OMG

What This Artist Did With Preserved Human Brains Is Morbidly Beautiful

By  | 

When photographer Adam Voorhes was on assignment for Scientific American, he never expected to fall in love with a collection of preserved human brains.

In 2011, Voorhes stumbled upon an extensive collection of 700 human brains, all preserved in formaldehyde in a forgotten corner of the University of Texas Mental Hospital. He then became obsessed with it, and began photographing each of the specimens two years later.

When Voorhes found the brains, they were all tucked into a seemingly forgotten storage closet inside the University of Texas State Mental Hospital.

When Voorhes found the brains, they were all tucked into a seemingly forgotten storage closet inside the University of Texas State Mental Hospital.

The brains were preserved in jars of formaldehyde, and are rare, malformed, or damaged in some way.

The brains were preserved in jars of formaldehyde, and are rare, malformed, or damaged in some way.

After his accidental discovery of this forgotten treasure trove, Voorhes became obsessed with them.

After his accidental discovery of this forgotten treasure trove, Voorhes became obsessed with them.

In 2013, he began a painstaking process to document every brain in the collection using close-up, high resolution photographs. This format allowed Voorhes to show off the otherworldly qualities of these brains from so long ago.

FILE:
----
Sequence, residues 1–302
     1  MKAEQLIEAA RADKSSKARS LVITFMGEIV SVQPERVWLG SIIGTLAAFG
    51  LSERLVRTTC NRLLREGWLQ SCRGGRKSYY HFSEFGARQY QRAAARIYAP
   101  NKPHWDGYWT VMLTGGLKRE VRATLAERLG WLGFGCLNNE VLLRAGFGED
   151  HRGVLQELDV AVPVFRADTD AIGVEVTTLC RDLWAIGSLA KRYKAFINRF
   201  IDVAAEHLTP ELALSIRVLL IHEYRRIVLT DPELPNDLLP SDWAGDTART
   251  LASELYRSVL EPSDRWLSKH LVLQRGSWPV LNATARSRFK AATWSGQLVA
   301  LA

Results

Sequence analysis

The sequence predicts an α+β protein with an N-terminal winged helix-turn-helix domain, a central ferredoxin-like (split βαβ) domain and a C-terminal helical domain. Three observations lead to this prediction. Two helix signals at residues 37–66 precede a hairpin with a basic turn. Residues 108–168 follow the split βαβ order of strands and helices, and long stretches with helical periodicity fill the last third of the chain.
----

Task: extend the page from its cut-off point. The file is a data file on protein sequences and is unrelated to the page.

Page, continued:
In 2013, he began a painstaking process to document every brain in the collection using close-up, high resolution photographs. This format allowed Voorhes to show off the otherworldly qualities of these brains from so long ago.

During the photography process, Voorhes had to work with a respirator and gloves. This was the only way the brains could be safely handled.

During the photography process, Voorhes had to work with a respirator and gloves. This was the only way the brains could be safely handled.

However, merely photographing the brains wasn”t enough for Voorhes. He had to know how and why they were in the basement.

However, merely photographing the brains wasn

This is when he enlisted the help of veteran journalist Alex Hannaford.

This is when he enlisted the help of veteran journalist Alex Hannaford.

The two sifted through decades of documents from the university, looking for the real story behind the brains.

The two sifted through decades of documents from the university, looking for the real story behind the brains.

From their research, we now know that this extensive collection of rare human brains was the subject of a bitter fight between the University of Texas and other rival colleges (including Harvard). Ultimately, the University of Texas won, and the collection came to them.

From their research, we now know that this extensive collection of rare human brains was the subject of a bitter fight between the University of Texas and other rival colleges (including Harvard). Ultimately, the University of Texas won, and the collection came to them.

Because of the work of Voorhes and Hannaford, there is a rush of renewed interest in the collection.

Because of the work of Voorhes and Hannaford, there is a rush of renewed interest in the collection.

The University of Texas at Austin is now having the entire collection of brains undergo MRI scans so that they can be taught to students at the university”s new medical school.

The University of Texas at Austin is now having the entire collection of brains undergo MRI scans so that they can be taught to students at the university

Via: Huffington Post

You can learn more about the University of Texas Mental Hospital”s brain collection in the new book from Adam Voorhes and Alex Hannaford, Malformed: Forgotten Brains of the Texas State Mental Hospital. Order it online here. For more by Adam Voorhes, make sure to visit his website.